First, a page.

Boundary setting can be a real challenge at times. We rely on the laws of our government and states to provide us with a certain level of security. For the most part those laws are maintained and enforced. So how do we set up boundaries around respect of our beliefs, respect for our ideas, respect for our lifestyles, and in general respect for our personhood?
One way to set boundaries is to be clear on what is right and what is wrong in your own life. Be careful that you are not getting angry at someone else because they do not agree with you. Setting boundaries is more like building a fence around your yard. You place the fence around your own land, giving yourself room to maintain the fence from the other side while still not stepping on the property of your neighbor. Boundaries help you see what you are responsible for and also what you are not. If you are respectful to build a decent fence that is not offensive, and perhaps discuss with your neighbor your need for the fence (so as to keep your dog from running free or using their lawn as his rest room), you will most likely succeed at gaining the proper respect from your neighbors. In return they will respect the boundaries you have established. Just like a fence, you will constantly have to maintain your boundaries. However, say you have an argument with your neighbor and you purposely place a fence in the wrong area on their property, or place the “ugly side” facing them for the purpose of offending, you are not likely to gain much respect. The boundary will always serve as an offensive reminder of the motivating event.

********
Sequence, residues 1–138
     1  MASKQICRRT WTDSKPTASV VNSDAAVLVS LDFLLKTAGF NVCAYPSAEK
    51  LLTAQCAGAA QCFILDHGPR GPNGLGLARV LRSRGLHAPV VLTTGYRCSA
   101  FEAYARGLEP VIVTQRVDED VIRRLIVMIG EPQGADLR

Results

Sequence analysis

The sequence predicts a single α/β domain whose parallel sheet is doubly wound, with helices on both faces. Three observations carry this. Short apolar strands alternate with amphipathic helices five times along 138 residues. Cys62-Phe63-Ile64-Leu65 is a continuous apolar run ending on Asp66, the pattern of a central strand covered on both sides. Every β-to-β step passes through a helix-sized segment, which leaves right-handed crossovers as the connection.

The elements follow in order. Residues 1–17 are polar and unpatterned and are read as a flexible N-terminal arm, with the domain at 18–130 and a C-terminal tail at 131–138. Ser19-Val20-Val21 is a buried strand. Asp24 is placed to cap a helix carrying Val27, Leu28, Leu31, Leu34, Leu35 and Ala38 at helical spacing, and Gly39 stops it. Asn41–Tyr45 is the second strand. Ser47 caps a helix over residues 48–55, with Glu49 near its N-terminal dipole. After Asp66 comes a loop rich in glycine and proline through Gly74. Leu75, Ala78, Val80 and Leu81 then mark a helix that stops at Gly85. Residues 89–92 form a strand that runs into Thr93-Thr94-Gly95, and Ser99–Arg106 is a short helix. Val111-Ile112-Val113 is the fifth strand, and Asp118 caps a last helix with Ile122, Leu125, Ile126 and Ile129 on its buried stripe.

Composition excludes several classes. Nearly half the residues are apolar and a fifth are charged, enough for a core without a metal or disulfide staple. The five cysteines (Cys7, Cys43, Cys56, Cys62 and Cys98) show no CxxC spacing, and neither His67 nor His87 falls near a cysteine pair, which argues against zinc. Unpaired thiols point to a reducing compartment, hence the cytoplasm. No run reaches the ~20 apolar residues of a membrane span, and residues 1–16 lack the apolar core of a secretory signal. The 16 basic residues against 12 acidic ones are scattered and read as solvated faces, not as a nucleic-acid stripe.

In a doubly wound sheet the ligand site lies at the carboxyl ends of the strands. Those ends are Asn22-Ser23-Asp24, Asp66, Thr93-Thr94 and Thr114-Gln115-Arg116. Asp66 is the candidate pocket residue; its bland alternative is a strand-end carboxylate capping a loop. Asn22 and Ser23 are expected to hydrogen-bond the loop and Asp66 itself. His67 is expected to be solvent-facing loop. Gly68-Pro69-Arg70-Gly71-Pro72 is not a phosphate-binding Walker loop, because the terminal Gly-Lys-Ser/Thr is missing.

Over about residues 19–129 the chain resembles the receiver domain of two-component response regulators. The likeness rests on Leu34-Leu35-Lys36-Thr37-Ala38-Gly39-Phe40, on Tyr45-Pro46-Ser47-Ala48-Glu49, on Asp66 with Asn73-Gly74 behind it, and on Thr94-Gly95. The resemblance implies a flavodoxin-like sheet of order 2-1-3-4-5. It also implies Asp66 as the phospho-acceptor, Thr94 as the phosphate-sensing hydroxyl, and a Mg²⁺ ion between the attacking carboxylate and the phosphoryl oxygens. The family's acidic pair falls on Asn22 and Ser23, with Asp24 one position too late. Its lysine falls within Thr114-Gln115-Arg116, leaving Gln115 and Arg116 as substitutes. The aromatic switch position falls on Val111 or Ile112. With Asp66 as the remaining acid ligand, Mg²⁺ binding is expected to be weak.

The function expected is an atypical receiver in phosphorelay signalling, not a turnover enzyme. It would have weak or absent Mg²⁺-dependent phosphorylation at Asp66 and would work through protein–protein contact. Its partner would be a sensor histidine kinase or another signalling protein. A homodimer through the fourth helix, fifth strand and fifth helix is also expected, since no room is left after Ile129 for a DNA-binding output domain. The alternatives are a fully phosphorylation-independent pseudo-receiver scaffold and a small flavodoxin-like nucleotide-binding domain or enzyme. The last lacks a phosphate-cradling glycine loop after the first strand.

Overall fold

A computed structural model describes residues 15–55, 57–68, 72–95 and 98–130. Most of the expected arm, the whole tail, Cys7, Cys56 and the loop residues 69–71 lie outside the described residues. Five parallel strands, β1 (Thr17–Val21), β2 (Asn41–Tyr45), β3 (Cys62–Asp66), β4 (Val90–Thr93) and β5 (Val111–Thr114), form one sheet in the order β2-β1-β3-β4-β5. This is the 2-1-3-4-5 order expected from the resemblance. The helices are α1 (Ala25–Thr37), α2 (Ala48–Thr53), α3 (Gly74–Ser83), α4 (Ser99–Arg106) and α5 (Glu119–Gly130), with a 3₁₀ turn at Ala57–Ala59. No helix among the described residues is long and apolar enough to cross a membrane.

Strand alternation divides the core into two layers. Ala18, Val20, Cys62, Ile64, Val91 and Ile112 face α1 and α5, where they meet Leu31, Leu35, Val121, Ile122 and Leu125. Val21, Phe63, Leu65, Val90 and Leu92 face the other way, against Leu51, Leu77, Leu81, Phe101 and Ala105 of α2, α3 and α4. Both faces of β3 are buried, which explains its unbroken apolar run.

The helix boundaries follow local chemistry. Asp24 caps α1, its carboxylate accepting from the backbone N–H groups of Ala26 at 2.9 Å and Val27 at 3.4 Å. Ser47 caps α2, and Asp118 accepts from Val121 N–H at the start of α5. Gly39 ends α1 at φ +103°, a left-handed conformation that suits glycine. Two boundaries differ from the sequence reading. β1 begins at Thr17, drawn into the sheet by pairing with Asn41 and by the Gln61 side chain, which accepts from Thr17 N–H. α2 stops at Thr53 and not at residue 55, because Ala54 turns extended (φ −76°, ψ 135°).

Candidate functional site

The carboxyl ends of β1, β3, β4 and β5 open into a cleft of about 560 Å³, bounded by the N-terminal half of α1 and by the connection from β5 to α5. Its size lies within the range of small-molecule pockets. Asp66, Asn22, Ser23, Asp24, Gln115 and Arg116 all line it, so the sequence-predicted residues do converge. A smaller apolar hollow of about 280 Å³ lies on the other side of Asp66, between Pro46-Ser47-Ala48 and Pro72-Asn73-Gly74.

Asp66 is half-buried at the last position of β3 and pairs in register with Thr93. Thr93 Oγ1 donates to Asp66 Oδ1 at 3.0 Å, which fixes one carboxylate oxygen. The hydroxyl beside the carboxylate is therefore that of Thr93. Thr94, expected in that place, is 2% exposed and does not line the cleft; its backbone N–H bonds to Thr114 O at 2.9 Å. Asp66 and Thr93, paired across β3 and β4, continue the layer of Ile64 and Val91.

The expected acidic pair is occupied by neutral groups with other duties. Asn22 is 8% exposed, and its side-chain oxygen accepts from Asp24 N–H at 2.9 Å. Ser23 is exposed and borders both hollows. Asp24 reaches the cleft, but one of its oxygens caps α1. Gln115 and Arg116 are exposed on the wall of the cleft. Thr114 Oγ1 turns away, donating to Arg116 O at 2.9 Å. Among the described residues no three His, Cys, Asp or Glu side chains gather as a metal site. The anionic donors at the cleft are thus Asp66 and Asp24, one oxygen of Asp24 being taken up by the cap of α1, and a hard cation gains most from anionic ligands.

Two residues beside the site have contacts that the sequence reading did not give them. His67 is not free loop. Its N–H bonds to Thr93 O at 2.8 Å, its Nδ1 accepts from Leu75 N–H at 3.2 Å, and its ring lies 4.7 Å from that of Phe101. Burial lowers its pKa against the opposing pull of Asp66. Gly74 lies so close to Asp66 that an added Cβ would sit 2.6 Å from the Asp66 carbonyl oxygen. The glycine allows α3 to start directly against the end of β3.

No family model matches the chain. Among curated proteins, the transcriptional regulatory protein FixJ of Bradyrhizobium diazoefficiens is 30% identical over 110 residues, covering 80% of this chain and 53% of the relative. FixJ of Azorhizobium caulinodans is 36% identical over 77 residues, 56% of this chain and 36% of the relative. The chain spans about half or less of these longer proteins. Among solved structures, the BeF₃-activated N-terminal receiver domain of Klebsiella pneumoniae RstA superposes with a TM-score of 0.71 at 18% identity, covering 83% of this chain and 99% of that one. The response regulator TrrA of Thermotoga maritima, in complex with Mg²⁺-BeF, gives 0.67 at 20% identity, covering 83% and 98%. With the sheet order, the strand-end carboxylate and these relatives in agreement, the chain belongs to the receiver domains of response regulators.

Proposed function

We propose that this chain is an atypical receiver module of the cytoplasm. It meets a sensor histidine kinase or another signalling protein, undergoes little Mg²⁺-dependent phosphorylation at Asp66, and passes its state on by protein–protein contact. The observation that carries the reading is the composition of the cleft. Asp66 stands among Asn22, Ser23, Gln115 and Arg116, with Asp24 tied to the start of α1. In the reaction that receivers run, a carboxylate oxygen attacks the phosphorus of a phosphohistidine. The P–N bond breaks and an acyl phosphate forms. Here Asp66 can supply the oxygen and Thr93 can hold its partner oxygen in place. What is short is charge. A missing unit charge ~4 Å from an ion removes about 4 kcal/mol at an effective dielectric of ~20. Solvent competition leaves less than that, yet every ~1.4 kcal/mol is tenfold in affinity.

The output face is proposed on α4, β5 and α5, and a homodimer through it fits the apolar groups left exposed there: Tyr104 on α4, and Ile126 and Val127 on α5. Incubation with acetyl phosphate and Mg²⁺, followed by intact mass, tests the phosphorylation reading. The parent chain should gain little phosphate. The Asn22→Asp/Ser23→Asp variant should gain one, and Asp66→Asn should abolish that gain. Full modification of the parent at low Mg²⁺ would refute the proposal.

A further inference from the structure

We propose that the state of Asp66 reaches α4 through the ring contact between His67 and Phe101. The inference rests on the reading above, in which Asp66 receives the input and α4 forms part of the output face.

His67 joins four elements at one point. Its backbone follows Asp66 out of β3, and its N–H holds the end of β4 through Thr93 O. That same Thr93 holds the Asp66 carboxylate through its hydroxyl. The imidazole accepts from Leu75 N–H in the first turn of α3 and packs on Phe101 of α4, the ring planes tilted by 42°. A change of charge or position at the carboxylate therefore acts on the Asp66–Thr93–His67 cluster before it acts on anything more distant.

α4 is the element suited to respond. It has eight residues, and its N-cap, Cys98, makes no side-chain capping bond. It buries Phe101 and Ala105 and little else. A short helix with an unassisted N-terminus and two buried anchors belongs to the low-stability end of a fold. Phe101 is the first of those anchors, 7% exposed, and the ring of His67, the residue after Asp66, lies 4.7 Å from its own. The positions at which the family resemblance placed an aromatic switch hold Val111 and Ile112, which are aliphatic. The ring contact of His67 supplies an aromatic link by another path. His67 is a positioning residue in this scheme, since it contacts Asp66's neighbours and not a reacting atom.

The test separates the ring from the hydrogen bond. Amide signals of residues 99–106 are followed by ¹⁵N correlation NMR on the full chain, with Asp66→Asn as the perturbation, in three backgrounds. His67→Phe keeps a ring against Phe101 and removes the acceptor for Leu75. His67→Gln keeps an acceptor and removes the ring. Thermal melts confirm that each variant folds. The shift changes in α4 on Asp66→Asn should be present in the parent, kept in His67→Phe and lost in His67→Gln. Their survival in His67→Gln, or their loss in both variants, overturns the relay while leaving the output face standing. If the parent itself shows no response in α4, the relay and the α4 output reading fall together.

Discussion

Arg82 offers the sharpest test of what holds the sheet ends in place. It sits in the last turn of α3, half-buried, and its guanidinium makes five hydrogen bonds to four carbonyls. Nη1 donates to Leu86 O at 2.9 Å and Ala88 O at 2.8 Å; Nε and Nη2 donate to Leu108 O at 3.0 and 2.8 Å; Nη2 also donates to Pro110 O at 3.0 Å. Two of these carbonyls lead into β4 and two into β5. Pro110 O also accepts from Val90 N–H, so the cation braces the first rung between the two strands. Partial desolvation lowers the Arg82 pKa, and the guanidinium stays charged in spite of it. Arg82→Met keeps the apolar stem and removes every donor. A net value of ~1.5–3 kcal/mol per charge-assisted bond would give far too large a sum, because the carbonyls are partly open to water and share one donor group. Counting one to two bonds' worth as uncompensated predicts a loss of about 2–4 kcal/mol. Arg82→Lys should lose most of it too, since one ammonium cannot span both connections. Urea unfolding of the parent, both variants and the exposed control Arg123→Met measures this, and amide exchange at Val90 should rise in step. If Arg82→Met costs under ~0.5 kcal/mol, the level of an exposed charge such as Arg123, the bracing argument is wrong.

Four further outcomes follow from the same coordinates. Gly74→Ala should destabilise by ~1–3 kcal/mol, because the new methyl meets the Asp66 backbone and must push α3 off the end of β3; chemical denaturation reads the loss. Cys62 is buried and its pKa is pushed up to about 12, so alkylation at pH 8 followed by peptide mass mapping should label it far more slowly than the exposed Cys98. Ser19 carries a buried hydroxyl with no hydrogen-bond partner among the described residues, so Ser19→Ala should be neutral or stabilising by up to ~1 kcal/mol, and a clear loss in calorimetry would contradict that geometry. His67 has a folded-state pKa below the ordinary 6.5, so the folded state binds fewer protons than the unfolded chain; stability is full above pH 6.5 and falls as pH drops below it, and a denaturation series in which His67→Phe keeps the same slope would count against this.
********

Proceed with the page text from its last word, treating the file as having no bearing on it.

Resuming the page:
Setting your personal boundaries works the same way. Set your boundaries, be clear on what they are, explain why they are important to you, be respectful of their boundaries and more than likely things will be more peaceful in the future. Now when I’m asked to do something, if I say yes, it’s because I mean yes and I believe I should do it. When I say no, I don’t need an excuse or a reason. Brene Brown said it best, “I am not as sweet as I used to be but I am far more loving.”